Protection – a Must
Most employers will ensure that you have some basic health insurance in place. Has there been a discussion around your specific family’s needs and situation? If a husband and wife were both previously working, but only one is now, if that person were to fall ill or have an accident, how long would the family get by? How much money would be needed per month? How long could they live on their savings? Does the insurance the company provides actually meet the needs of the family and was it negotiated on that basis?
Existing Retirement Benefits
As you will no longer be paying taxes in your home country, will that impact any of your potential retirement benefits? What is the company scheme supposed to provide you, and what might you actually need in the future? With life expectancy going up, government and company sponsored retirement schemes may not provide you with income to support your retirement. As such, private saving is necessary and your posting overseas may offer you just such an opportunity. Of course, the temptation to experience and travel more whilst overseas can mean that expatriates risk going backwards when it comes to retirement saving, so it is essential to put in place a plan early on and stick to it.
Dealing with Uncertainty
Ten years ago I moved from Europe to take up a role in Asia, initially for just two years. Ten years later on I am still here and have finally acknowledged that I will be living offshore indefinitely. Any expatriate will tell you from experience that almost no-one ever stays abroad for the length of time originally intended. The expatriate lifestyle can be enticing and having international experience helps you when looking for future expatriate opportunities.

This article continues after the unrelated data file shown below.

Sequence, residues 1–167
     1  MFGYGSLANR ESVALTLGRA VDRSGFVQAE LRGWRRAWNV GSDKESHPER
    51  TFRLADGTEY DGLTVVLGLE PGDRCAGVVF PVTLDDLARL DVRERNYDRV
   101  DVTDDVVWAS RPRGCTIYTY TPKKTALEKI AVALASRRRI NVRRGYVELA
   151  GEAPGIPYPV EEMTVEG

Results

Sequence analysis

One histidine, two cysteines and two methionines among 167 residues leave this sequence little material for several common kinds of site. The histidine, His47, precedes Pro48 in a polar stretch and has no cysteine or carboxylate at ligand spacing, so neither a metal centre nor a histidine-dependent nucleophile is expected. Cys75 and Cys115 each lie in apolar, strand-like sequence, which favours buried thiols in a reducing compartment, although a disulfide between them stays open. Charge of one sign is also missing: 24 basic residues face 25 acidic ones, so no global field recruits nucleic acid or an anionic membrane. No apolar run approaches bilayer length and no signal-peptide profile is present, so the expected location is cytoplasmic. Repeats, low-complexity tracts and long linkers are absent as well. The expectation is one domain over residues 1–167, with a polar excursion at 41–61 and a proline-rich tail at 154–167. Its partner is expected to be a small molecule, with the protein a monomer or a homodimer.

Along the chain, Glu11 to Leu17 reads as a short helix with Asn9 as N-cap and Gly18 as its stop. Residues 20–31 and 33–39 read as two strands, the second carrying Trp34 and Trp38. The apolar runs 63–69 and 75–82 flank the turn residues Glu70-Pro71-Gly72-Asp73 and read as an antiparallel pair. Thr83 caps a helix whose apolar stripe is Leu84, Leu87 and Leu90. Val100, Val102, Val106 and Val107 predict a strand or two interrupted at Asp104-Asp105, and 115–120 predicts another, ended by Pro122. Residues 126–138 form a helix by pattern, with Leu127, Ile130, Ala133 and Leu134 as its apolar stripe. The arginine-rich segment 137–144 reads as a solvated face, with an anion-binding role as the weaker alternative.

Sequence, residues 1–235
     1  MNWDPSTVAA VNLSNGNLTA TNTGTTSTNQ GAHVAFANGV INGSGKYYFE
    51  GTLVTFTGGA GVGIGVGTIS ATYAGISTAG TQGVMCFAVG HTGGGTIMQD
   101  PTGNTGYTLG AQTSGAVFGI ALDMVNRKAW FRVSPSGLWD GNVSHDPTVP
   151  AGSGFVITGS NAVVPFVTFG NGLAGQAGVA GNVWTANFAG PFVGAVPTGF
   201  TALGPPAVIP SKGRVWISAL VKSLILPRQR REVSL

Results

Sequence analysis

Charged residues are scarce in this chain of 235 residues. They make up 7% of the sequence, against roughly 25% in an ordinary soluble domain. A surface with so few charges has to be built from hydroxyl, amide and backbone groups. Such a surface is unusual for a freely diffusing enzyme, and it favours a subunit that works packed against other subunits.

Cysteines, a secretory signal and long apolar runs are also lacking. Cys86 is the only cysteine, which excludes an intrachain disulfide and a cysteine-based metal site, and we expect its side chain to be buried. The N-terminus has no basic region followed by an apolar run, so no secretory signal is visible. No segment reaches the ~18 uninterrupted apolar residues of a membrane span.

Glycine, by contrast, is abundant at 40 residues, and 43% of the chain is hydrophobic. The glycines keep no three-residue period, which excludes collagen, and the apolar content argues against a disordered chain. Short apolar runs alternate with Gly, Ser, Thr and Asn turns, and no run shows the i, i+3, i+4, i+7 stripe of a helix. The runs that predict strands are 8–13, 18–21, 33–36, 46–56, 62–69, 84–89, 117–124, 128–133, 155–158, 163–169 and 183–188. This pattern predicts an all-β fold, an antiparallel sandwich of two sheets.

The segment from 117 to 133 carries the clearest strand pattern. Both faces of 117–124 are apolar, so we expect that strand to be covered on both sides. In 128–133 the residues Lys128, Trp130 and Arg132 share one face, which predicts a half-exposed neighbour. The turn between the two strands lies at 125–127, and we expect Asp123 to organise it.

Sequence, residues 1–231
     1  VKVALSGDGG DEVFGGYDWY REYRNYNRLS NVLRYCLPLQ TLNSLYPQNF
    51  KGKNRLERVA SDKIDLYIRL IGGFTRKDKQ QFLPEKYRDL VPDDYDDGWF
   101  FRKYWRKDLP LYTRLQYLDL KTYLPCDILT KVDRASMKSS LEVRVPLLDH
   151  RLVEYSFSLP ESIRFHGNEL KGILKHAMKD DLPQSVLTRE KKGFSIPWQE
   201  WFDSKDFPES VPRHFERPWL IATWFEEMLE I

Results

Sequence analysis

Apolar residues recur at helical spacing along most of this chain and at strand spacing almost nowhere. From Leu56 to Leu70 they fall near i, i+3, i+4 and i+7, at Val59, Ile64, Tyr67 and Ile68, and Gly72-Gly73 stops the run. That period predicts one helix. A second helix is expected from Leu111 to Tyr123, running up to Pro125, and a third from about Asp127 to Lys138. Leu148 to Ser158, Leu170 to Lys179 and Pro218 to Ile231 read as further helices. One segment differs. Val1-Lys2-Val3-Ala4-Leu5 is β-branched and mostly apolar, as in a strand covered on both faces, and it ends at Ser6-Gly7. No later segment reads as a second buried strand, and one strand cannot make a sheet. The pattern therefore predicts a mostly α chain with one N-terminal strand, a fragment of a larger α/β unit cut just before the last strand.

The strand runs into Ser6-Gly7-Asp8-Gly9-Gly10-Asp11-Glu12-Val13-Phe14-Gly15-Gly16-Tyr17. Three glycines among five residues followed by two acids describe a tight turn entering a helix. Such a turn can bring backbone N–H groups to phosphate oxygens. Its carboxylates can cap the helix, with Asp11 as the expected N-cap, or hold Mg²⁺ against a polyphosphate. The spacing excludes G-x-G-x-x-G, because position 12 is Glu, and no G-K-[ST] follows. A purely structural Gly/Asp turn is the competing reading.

The Expatriate Trap
Don’t fall into the trap of living your life as an expatriate in one-year blocks, putting off longer term planning until you have more ‘certainty’ – it may never come.
It is important that you act now and review your existing arrangements ensuring that you have a financial plan in place for you and your family. This does not necessarily mean that you need to replace or change what you are doing in your home country, although it will be important to consider solutions specifically for your time abroad that make the most of taxation, flexibility and your potentially greater ability to save.
Lars Wöldern, an Associate Partner at St. James’s Place Wealth Management, has worked with expatriates in China for ten years helping them find practical solutions to the financial issues that concern them most. He provides advice on all areas of wealth management, including retirement planning, wealth protection, savings and investments. Lars’ emphasis is on maintaining long-term relationships with his clients to provide them with a source of trusted advice as their financial needs evolve over the years. Email Lars at firstname.lastname@example.org
The value of an investment with St. James’s Place will be directly linked to the performance of the funds you select and the value can therefore go down as well as up. You may get back less than you invested. The title ‘Partner’ is the marketing term used to describe St. James’s Place representatives.